Why are Trunnions Swapped?

by John Upham and Colin Ward


Background

The front suspension layout of the John Thurner designed Vixen (round tube) chassis includes the familiar (if rather primitive) front upright(2)+trunnion combination. The front upright is sourced from the Triumph 12/50 drum brake Herald and the trunnions are sourced from a variety of Triumph sources including the Herald, Spitfire and Vitesse. The uprights and trunnions are both handed and must be matched. Normally, the left-hand upright/trunnion pair is fitted to the left-hand side of the Triumphs (looking forwards from the inside of the car). John Thurner designed his new chassis so that the "left-hand" combination was fitted to the right-hand side of the Vixen/Tuscan chassis. This was not an accident!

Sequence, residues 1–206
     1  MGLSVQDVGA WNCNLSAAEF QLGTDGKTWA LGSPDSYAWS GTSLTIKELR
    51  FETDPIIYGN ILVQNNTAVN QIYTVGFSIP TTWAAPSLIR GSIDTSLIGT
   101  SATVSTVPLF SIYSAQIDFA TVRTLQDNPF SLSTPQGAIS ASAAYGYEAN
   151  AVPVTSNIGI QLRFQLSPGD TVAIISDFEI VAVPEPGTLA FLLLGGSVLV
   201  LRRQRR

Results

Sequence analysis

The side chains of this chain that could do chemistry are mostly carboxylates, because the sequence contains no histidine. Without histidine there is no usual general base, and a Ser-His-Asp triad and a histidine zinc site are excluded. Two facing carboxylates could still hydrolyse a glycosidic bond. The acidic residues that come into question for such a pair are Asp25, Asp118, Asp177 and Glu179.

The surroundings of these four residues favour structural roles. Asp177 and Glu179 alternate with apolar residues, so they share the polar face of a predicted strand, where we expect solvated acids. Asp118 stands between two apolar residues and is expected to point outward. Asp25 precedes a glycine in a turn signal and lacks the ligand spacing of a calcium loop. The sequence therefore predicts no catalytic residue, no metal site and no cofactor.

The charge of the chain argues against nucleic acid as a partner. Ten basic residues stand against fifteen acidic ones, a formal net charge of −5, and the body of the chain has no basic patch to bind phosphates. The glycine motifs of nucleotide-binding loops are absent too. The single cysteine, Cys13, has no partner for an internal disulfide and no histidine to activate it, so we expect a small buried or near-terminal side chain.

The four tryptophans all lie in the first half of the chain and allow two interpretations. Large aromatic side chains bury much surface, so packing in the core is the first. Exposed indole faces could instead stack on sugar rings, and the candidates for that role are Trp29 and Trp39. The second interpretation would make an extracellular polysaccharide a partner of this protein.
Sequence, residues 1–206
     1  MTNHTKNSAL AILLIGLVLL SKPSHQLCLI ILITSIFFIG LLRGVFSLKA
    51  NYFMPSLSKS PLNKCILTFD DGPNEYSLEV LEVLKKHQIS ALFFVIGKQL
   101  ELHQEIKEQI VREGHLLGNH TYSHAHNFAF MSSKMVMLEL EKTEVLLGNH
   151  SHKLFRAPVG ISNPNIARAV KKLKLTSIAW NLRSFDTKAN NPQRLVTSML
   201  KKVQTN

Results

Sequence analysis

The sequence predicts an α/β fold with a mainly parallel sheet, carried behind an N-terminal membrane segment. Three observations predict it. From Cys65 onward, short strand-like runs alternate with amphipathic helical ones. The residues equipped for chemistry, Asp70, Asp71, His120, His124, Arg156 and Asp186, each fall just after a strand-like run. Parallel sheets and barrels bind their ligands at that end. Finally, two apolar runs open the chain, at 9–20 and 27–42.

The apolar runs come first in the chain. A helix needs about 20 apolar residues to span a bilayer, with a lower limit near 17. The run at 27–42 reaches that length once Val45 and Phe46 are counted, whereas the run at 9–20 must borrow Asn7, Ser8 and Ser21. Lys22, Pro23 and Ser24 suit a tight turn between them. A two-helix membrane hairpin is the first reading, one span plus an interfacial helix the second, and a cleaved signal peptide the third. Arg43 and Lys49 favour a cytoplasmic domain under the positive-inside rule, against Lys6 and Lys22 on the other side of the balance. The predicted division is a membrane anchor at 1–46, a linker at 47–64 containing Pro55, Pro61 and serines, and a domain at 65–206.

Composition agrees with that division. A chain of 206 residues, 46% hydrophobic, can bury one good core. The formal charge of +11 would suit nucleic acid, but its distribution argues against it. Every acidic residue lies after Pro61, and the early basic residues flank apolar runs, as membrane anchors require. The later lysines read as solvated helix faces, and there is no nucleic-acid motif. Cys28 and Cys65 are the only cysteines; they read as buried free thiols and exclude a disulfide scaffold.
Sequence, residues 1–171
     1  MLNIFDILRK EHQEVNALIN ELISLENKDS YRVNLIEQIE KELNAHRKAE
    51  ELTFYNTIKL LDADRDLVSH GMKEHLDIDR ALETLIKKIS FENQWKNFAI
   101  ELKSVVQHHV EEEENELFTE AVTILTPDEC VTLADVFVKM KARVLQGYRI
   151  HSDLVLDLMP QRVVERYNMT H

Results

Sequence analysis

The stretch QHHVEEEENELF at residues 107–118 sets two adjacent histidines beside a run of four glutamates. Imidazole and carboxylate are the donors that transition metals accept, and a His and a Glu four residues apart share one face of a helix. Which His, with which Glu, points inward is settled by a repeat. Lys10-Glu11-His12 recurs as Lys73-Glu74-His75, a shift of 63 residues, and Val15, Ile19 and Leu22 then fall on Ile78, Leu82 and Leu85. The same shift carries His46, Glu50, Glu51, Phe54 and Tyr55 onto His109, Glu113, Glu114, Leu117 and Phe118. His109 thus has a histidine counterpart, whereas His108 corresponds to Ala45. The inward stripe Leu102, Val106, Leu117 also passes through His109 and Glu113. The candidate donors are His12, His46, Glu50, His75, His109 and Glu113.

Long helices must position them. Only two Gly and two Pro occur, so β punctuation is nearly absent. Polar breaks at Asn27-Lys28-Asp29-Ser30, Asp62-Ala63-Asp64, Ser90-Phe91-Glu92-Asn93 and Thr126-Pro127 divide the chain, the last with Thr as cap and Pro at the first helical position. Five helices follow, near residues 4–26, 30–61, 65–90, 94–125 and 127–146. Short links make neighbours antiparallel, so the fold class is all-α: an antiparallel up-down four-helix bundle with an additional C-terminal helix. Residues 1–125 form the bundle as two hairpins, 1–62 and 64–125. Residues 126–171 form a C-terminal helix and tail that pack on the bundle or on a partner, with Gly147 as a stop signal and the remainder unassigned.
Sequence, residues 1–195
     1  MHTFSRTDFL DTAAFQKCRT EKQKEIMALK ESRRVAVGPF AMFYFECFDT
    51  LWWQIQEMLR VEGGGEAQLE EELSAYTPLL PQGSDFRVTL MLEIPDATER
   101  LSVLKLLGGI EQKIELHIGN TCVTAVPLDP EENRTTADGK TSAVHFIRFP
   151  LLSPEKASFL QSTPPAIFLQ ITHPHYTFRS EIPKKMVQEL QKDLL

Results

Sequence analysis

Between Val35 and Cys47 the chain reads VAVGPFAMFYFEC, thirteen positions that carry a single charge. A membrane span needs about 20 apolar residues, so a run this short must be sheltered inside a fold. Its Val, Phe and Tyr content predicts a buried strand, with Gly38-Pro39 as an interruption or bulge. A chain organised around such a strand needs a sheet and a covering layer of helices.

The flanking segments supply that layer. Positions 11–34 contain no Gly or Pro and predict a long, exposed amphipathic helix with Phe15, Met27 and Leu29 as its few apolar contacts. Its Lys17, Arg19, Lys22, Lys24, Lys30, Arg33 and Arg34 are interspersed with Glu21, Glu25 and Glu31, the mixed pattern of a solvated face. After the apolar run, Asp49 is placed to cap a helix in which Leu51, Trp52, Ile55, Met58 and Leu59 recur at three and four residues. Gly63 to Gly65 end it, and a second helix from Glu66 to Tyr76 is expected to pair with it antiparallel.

Front Upright

The Reason

Some Formula One cars of the 1950's featured a very similar front suspension layout to the Vixen with double unequal length wishbones and an upright+trunnion type combination. Study the Coopers of the 1950's and 1960's for examples of this set-up. As you know, when the trunnion is rotated on the upright (i.e. during steering) the distance between the top link (1/2) and the trunnion body will either increase or decreasing depending on the direction of rotation.

In a quest for more performance from the front suspension it was arranged that the distance would increase for the suspension on the outside of a corner and decrease on the inside of the corner. In order to acheive this on the TVR the trunnions are swapped whereas the Triumph designers didn't really worry about this. Probably, this is fine tuning that for most people would never be noticed. For competition use with a very stiff suspension set-up and lower profile tyres then it is more worth doing. If you wish the car to be arranged as John Thurner wished it then swap sides.

John Upham and Colin Ward


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